Activity 1: Quantitation and Plot Analysis (1)
Back of the envelope (BOTE) calculations are often useful to provide a perspective on the relative importance of a process or system mass balance (inputs vs. outputs). At times BOTE calculations are useful just to give one an idea how to approach a problem and to understand the relationships among the key parameters, and, perhaps, which ones need to be more precisely known. Scientists and others use plots to convey data relationships that are viewed as meaningful—perhaps to examine possible patterns or correlations that can provide insights into cause and effect.
We will use both in this course to help elucidate key ocean system details. So let's practice a bit. The exercise will also let you practice with scientific notation and unit analysis.
Start: A BOTE calculation (it's simple, but let's step through it).
Question: What is the mass of water in Earth's oceans? How would you go about determining this from some basic information? In other words, what values/parameters do you need?
Digression about mass, density, and volume
mass [m] is the amount of material that occupies a given volume. We will use SI units, so we'll talk about mass in kilograms (kg).
If you want to write the English sentence, "mass is the amount of material that occupies a given volume" as a math equation, you can write mass= volume*density. Substitute the common symbols for mass, volume, and density, and you can write it as m=Vρ. Density is commonly the Greek lowercase rho.
Let's just check if this makes sense or not: mass is in kilograms (kg), volume is in meters cubed (m3), and density given in mass per volume, or kilograms per meter cubed, kg/m3. So if we substitute the units for the symbols in the m=Vρ equation we get kg = m3 * kg/m3. This is good news because some little algebraic manipulation shows we have the same units on both sides of the equals sign.
Back to our original problem: mass of the ocean
To obtain the mass of ocean water, we want to know the volume of the ocean and the density of seawater because volume multiplied by density gives us mass. What's the volume of the ocean? We need to find out the area of the ocean and its average depth to calculate its volume. And then we can look up a value for the average density of seawater. These numbers are known reasonably well and we can look them up in any oceanography textbook. Also I trust most internet search engines for "general knowledge" like this, so go ahead.
Note: we will often use several forms of scientific notation: 3.62 x 1014, or 3.62e14 or even 362 x 1012
Here are my numbers below, go ahead and look this up if you want to
Areaocean=3.62e14 m2 and average depth ~ 3800 m, so (you do the math)...
Vocean=1.375 x 1018 m3. Agreed?
The average seawater density is about 1037 kg/m3, therefore we have massseawater= 1.375e18 m3 x 1037 kg/m3 =1.426e21 kg. That's about 1.4e18 tons of seawater ( a metric ton=103 kg). Everybody see how we get here (and how to manipulate exponents and units)?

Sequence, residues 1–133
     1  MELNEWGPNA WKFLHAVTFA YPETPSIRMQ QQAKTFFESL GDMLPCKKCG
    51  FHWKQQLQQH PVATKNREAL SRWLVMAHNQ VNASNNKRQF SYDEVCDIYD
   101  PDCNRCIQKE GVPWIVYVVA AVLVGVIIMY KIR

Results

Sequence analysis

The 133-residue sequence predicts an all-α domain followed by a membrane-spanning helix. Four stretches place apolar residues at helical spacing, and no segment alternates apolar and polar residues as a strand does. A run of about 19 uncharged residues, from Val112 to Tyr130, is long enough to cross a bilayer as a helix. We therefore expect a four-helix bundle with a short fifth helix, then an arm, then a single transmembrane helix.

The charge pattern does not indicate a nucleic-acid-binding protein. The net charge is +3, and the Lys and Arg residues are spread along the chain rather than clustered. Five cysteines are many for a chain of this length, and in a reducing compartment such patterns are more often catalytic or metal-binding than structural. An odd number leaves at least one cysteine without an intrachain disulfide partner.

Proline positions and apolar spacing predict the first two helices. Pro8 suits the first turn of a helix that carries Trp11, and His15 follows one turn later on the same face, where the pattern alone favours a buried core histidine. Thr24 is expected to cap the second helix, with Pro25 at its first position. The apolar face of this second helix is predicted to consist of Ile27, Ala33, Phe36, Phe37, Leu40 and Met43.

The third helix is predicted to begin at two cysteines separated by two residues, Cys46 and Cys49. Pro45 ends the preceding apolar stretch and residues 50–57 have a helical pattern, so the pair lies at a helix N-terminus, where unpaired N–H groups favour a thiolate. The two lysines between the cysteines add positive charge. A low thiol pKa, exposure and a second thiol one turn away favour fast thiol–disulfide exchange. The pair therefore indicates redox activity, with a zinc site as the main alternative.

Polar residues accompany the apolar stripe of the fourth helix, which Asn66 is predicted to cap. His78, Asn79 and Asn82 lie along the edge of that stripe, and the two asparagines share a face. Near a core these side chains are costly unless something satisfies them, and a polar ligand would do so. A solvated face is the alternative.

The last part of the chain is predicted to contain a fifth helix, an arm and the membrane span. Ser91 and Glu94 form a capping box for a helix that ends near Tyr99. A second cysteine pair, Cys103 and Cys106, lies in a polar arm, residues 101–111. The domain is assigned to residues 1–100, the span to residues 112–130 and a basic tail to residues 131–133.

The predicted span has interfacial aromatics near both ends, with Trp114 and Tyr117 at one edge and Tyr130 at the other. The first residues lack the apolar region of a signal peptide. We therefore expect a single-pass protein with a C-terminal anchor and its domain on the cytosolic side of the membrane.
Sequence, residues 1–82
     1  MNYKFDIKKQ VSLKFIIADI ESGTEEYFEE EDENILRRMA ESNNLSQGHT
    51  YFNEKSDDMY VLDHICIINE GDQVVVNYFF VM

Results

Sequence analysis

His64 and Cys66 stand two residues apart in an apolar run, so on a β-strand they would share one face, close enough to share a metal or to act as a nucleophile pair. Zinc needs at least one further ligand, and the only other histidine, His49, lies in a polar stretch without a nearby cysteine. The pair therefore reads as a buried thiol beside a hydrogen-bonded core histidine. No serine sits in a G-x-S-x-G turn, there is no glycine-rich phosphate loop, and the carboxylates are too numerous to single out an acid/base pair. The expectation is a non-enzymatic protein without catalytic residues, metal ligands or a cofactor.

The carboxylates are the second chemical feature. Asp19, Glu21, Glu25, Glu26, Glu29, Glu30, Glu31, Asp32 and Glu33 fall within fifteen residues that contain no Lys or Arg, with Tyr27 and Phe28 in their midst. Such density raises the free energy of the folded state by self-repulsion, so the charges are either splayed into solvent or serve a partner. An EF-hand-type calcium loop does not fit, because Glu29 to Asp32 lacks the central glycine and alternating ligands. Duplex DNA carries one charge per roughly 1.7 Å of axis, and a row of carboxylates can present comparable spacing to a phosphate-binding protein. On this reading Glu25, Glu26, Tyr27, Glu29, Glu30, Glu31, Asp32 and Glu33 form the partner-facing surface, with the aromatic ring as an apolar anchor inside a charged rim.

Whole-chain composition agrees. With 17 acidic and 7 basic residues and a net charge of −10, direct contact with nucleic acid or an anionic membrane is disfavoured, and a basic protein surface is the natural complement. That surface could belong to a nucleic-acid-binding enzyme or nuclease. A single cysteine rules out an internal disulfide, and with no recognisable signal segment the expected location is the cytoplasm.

- Part 1: A BOTE calculation for you to do.
- Question: What is the mass of water in Earth's interior? How would you estimate this? What values would you need (there might be several ways to do this)?
- Give it a try and post your answer in the "Lesson 1, Activity 1" discussion forum in Canvas. Engage your classmates in discussing final calculations and critical values.
- Part 2: Plotting and Analysis (use your favorite plotting program, but produce an attractive plot with appropriate labeling).
- Find data (on the Web or in an oceanographic textbook, provide source) for the proportional distribution of water depths (area of the seafloor in each depth-range bin) for at least 13 depth bins (Hint: start with 0-200m, 200-1000m, then intervals of 1000m to maximum depth of the ocean). This may be hard to find. If you run into trouble you can use this source: Hypsometry of Ocean Basin Provinces, Menard and Smith, 1966(link is external) This short article may also be of interest The Volume of Earth’s Ocean, Charette and Smith 2010,(link is external)
- Plot the distribution of depths as a function of the percentage of total ocean area (must sum to 100% of course). You now have what is termed a hypsometric curve for the oceans. Post this plot in the "Lesson 1, Activity 1" discussion forum in Canvas. You must figure out how to attach your plot in your post. I would suggest that you first save it as .jpg or .png or some other simple/small-file-size format. Make sure that your plot is high quality: both axes should have clear labels with units and the lines/symbols should be clear. For example, look at the plot on page 19 on this article, The Oceans, Their Physics, Chemistry, and General Biology(link is external). It's a great example.
- Discuss how such a curve could provide insights into how the ocean basins formed. Why are some depth intervals such a large proportion of the ocean area? How else might a hypsometric curve be useful?
- Part 3: Read the postings by other EARTH 540 students. Respond to at least one other posting in each part. You may ask for clarification, ask a follow-up question, expand on what has already been said, etc.